Case Law Update: Stuart Delivery Ltd v Augustine

By Andrew Willis
19 Nov 2021
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The Court of Appeal has upheld earlier decisions of the ET and EAT in another gig economy case. This ruling confirms that the ability to offer a piece of work to a substitute does not mean that the service is not provided personally. Therefore, they cannot be found to be a worker.

What the law says…

Section 230(3) of the Employment Rights Act 1996 defines a worker as someone who has “entered into or works under a:

  • contract of employment or
  • any other contract, whether express or implied and (if it is express) whether oral or in writing, whereby the individual undertakes to do or perform personally any work or services for another party to the contract whose status is not by virtue of the contract that of a client or customer of any profession or business undertaking carried on by the individual

Sub-section (a) confirms that all employees are workers and, as such, are entitled to worker rights.

What rights a worker has will depend on their status under employment law. This can be determined by the contractual documentation. If the contract doesn’t reflect the reality of the arrangement, you must look at how the arrangement operates in practice.

In Pimlico Plumbers v Smith [2017] the Court of Appeal was asked to consider whether the obligations to provide personal service was negated by a right to send a substitute in the documentation. The court held that:

 

  • An unfettered right of substitution is inconsistent with an obligation to perform work personally; and
  • A conditional right to substitute may or may not be inconsistent with personal service. This depends on the conditions that attach to the exercise of the right.

Stuart Delivery Ltd v Augustine

Facts of the case

In this case, the claimant worked as a courier for Stuart Delivery. Jobs could be accepted on an ad-hoc basis. Alternatively, jobs could be pre-arranged. To do this, a courier would sign up for time slots which had additional financial incentives. If the courier could not, or didn’t want to, work that ‘slot’ they could offer it to other couriers on the same platform. However, if no-one else took it, there would be penalties for the original courier.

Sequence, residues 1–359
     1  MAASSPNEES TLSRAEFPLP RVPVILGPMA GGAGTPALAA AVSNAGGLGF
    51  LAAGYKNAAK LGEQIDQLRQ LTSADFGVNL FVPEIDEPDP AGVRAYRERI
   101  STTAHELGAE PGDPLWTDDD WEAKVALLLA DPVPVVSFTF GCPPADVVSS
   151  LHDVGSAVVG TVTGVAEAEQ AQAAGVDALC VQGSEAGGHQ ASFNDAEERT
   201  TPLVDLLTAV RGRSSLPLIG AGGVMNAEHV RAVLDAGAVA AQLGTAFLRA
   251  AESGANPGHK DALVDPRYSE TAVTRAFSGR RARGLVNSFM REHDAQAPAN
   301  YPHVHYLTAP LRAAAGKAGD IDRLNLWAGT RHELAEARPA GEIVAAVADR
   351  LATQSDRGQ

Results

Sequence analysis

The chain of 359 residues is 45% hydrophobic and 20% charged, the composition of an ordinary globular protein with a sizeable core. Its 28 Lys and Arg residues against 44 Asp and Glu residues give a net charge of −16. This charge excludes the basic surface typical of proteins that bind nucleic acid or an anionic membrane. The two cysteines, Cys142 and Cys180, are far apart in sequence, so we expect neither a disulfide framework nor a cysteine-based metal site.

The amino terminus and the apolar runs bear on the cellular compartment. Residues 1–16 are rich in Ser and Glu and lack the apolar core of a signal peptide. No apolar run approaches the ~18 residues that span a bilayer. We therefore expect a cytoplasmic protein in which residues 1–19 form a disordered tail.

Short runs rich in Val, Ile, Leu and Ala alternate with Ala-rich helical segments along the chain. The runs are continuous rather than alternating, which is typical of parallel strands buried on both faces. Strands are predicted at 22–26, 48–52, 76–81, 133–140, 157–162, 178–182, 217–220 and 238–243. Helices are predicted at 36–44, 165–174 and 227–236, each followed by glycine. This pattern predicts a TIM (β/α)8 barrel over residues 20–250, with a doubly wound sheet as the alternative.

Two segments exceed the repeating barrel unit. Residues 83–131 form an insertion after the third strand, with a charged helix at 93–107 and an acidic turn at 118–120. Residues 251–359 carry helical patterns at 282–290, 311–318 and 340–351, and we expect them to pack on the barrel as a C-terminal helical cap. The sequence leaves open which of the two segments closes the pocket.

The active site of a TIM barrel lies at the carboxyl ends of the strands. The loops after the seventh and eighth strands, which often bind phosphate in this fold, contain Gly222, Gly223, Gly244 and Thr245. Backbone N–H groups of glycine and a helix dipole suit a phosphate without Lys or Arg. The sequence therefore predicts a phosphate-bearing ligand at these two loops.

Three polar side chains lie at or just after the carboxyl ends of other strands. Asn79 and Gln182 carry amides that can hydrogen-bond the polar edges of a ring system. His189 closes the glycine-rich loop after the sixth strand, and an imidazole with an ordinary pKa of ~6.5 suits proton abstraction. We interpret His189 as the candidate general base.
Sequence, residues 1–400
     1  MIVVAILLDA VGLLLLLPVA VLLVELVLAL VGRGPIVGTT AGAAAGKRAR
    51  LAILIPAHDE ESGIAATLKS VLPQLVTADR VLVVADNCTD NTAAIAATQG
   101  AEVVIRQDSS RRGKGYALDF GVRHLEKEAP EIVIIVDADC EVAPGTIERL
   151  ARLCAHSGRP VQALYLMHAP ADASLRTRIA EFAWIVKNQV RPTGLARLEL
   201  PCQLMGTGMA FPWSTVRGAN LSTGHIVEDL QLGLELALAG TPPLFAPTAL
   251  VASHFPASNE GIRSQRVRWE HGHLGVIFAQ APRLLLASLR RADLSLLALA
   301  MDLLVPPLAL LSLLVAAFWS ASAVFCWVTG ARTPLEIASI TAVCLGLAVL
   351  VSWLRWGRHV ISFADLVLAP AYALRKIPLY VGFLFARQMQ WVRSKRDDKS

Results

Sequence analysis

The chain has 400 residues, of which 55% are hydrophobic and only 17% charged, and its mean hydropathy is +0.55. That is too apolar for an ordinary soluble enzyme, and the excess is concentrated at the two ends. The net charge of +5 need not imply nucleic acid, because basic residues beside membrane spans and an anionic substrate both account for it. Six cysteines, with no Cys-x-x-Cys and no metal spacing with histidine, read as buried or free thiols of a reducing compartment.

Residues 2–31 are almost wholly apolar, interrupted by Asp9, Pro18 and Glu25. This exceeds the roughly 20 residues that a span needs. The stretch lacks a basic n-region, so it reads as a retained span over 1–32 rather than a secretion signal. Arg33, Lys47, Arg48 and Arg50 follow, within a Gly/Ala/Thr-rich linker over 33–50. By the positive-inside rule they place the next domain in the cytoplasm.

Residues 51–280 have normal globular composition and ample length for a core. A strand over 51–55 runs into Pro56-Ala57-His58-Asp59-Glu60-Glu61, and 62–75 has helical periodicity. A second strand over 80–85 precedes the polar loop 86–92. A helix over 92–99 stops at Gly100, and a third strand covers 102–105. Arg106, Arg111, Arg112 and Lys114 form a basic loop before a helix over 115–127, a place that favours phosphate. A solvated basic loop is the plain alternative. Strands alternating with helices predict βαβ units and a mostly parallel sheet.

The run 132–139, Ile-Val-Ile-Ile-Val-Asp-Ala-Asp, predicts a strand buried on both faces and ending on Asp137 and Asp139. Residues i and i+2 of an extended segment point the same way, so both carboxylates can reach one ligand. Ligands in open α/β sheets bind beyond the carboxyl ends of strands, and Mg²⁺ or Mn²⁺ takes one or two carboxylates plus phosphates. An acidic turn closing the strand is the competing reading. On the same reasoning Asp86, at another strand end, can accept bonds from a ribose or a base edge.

The claimant claimed that he was actually a worker during the time working for Stuart. This would mean unauthorised deductions from pay were prohibited. It would also enforce his rights under the WTR.

What the employment tribunal decided

The ET upheld the claim that the claimant was a worker. They referred to the decision in the above Pimlico Plumbers case. Using this, they found that the right here was not unfettered. The conditions attached to it were such that the service was in fact personal. Indeed, it was questioned if there was the right of substitution (argued by the respondent) at all. It was not found in the contract, and merely existed to notify others of the availability of the slot via the shared platform used to register for work.

What the employment appeals tribunal decided

Having been successful in this claim at ET, the matter was appealed to the EAT. The respondent did this on the basis that the ET had erred in law in its understanding of worker status. They believed that the right of substitution in the agreement meant that he was not required to perform the work personally.

This was rejected by the EAT, who stated that “… it is not a right of substitution at all. It is merely a right to hope that someone else in the pool will relieve you of your obligation. If not, you have to work the slot yourself. You cannot, for example, get your mate to do it for you, even if s/he is well qualified. All you can do is release your slot back into the pool.”

What the court of appeal decided

The question of status, and in particular the right of substitution, was then put before the COA. The decisions of the ET and EAT were both upheld by this court. They found that there was an obligation of personal performance. This was due to the nature and extent of the practice of permitting substitution in operation here.

The appeal was dismissed.

What this means for employers

This case doesn’t set down strict guidelines for when the ability to substitute will negate personal service. However, it does give us insight into how the courts are continuing to approach these cases. This case showed the courts willingness to look at the matter as a whole. It also shines a light on the practicalities attached to the ability to pass work onto another.

Therefore employers need to be careful about how they operate in areas such as this. Contracts need to be carefully written and followed in practice. This will ensure you are implementing the sort of working relationship you want for your business.

Be prepared for the implications of this ruling. Contact Croner today. We help you make sense of the rules affecting your business and help you stay on the right side of the law.

Speak to a Croner employment law expert. Call 01455 858 132.

About the Author

Andrew Willis

Andrew Willis is the senior manager of the Litigation and Employment Department and assumes additional responsibility for managing Croner’s office based telephone HR advisory teams, who specialise in employment law, HR and commercial legal advice for small & large organisations across the United Kingdom.

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